How should I go about "theming" my app?

  • Hello,

    I want to skin/theme my app. I don't want a bunch of people asking why
    I want this, that is not relevant. I have a couple choices:

    1. Do it the same way that ShapeShifter's "previewing" does. (I don't
    currently know how.)

    2. "Fake" the HIToolbox.framework (http://will.thimbleby.net/themes.html)

    3. Subclass all the AppKit classes and add custom drawing. (I can't
    think of a worse way then this.)

    I've listed my options in order of preferably, one being the most preferred.

    It would be freakin awesome to actually be able to drop a .theme,
    .dlta, or .guikit on my app and have it installed as the current
    theme. In other words, I want direct support for the common theme
    formats.

    All help is greatly appreciated.
    Peace, Alan

    PS. I've CCed this to Unsanity hoping they can help.

    --
    // Quotes from yours truly -------------------------
    "You don't forget, you just don't remember."
    "Maturity resides in the mind."
    "Silence is the Universe's greatest gift."
    "When the World realizes that religion really is unimportant, then it
    shall evolve."
  • On 26 Oct 2006, at 15:30, Alan Smith wrote:

    > 3. Subclass all the AppKit classes and add custom drawing. (I can't
    > think of a worse way then this.)

    I can tell you that my Cocoa app has to use some HITheme calls to get
    standard appearance -- if this is your own app, that might not be a
    concern because you'd know if you use both families of drawing.

    If you're a Cocoa app, this sounds like what you'd have to do. You
    don't have to subclass all the classes, probably just the NSCells.
    And you don't have to worry about compatibility issues.

    ------------
    David Dunham  <dunham...>  http://www.pensee.com/dunham/
    "No matter how far you have gone on a wrong road, turn back." -
    Turkish proverb
  • Yes, my program is a Cocoa app.

    I don't see how subclassing just NSCell would do the trick for things
    like NSButton, which inherits from NSControl, and others like
    NSTableView, which inherits from NSView. Please explain.

    Thanks, Alan

    --
    // Quotes from yours truly -------------------------
    "You don't forget, you just don't remember."
    "Maturity resides in the mind."
    "Silence is the Universe's greatest gift."
    "When the World realizes that religion really is unimportant, then it
    shall evolve."
  • On 27 okt 2006, at 04.10, Alan Smith wrote:

    > I don't see how subclassing just NSCell would do the trick for things
    > like NSButton, which inherits from NSControl, and others like
    > NSTableView, which inherits from NSView. Please explain.

    Because many NSView and NSControl subclasses use NSCell subclasses
    for their drawing. The description of the NSCell class states that:

    "The NSCell class provides a mechanism for displaying text or images
    in an NSView object without the overhead of a full NSView subclass.
    It’s used heavily by most of the NSControl classes to implement their
    internal workings."

    Notice how a lot of controls have custom cells: NSButton
    +NSButtonCell, NSTextField+NSTextFieldCell, etc.

    That said, I'm fairly sure that you wouldn't get away with only
    subclassing cells, and it would in any case be a whole lot of things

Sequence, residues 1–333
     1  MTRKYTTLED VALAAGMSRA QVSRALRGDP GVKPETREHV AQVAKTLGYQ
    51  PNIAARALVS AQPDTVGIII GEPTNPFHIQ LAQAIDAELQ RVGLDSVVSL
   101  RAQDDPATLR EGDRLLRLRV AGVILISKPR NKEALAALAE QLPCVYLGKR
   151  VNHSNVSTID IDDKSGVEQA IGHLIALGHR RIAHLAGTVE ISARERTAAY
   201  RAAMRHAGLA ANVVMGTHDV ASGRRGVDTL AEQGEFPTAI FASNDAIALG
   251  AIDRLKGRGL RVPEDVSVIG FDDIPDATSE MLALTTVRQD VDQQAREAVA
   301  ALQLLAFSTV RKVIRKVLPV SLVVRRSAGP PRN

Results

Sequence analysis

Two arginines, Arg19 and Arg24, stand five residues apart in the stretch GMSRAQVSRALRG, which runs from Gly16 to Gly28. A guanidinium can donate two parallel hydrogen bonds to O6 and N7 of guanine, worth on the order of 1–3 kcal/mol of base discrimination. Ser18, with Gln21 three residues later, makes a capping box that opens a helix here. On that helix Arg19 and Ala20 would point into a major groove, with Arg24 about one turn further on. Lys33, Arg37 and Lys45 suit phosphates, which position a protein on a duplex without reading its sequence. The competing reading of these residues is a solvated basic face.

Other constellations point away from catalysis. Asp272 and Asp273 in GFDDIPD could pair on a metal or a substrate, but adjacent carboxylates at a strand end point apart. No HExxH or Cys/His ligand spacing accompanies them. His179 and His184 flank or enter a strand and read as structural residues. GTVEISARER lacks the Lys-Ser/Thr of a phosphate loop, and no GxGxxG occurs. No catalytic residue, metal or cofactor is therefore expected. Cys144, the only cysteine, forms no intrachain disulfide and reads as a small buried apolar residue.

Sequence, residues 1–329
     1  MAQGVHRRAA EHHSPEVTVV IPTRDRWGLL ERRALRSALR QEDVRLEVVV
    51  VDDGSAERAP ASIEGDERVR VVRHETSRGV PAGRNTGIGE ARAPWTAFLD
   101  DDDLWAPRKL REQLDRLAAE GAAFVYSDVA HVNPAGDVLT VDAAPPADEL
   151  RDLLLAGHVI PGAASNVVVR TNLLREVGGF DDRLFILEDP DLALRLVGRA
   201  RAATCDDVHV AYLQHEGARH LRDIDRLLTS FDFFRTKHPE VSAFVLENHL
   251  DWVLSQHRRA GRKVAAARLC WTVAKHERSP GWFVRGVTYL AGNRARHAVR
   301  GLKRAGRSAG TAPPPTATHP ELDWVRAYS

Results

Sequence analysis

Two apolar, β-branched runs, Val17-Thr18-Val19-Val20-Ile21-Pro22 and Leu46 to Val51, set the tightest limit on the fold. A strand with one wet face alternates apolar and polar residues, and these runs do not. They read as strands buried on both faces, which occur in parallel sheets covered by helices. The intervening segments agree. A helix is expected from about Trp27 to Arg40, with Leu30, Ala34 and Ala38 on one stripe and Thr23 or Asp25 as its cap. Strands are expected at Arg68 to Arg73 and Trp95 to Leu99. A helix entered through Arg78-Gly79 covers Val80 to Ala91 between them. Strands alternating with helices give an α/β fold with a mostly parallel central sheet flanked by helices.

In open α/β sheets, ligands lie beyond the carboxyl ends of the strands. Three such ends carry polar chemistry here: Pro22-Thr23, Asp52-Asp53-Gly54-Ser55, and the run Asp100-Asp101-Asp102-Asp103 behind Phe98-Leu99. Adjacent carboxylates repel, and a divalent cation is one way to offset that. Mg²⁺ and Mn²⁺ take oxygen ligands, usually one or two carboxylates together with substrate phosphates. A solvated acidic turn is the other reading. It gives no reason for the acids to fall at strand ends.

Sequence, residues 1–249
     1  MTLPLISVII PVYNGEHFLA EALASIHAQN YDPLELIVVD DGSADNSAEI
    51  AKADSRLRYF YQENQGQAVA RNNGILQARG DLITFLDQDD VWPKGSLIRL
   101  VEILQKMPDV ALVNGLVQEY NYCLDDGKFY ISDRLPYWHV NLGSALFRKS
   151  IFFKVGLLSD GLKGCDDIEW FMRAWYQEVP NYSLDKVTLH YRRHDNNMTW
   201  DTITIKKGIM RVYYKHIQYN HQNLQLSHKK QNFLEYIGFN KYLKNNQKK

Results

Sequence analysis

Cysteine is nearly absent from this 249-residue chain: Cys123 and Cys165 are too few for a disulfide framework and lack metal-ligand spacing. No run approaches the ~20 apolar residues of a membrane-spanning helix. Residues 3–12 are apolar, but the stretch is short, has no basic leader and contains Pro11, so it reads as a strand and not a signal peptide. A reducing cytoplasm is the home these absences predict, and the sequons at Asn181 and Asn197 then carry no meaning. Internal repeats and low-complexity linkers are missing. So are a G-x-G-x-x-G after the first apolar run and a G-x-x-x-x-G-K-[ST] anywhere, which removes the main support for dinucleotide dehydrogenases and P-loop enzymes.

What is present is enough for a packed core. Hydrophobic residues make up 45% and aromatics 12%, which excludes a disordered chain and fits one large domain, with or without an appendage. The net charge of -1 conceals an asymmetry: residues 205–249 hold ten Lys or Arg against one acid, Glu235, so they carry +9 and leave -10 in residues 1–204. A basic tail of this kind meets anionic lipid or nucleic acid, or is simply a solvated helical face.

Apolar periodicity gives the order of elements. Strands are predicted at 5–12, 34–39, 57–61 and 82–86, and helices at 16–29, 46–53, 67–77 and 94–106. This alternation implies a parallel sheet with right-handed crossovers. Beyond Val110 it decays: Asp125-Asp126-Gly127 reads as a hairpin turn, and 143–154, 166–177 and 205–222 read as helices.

to subclass - IMO most likely too much work for a small developer
    that would need to devote most of their time to the primary / core
    project(s).

    This sounds like an interesting "third party opportunity" though -
    creating a "ThemeKit" framework that provides alternative versions of
    all AppKit classes, that determine their appearance based on theme
    resource files.

    j o a r
  • It is indeed too much for me to take on now.

    For now I'll use the method that I posted a link to where you "fake"
    the HIToolbox. There is only one problem, I can't get the Extras.rsrc
    from guiKit files unless I install them with ShapeShifter and then
    manually retrieve them from the framework. I would like to be able to
    extract those from my program and not have to limit the user to having
    to find those files themselves.

    On the other hand, I would be willing to start a project on
    SourceForge or something and we could all do this together. Contact me
    off-list if you want to start a project and if I get enough people,
    say 2 or 3 more, then we can do this.

    Cheers, Alan

    --
    // Quotes from yours truly -------------------------
    "You don't forget, you just don't remember."
    "Maturity resides in the mind."
    "Silence is the Universe's greatest gift."
    "When the World realizes that religion really is unimportant, then it
    shall evolve."
  • Am 27.10.2006 um 00:30 schrieb Alan Smith:
    > 2. "Fake" the HIToolbox.framework (http://will.thimbleby.net/
    > themes.html)

    One thing to watch out for with this approach is that if Apple ever
    adds a file to HIToolbox Framework's Resources folder, it will break
    (HIToolbox, not the file).

    It might be a better idea to try and patch the resource manager so
    requests for Extras.rsrc first return your resources, and only if you
    have none it would just fall back on Apple's Extras.rsrc file. I
    vaguely recall that the resource manager even had some way to
    override a resource, so you may wanna look into that. I may just be
    remembering OS 9's resource list, though...

    Cheers,
    -- M. Uli Kusterer
    http://www.zathras.de
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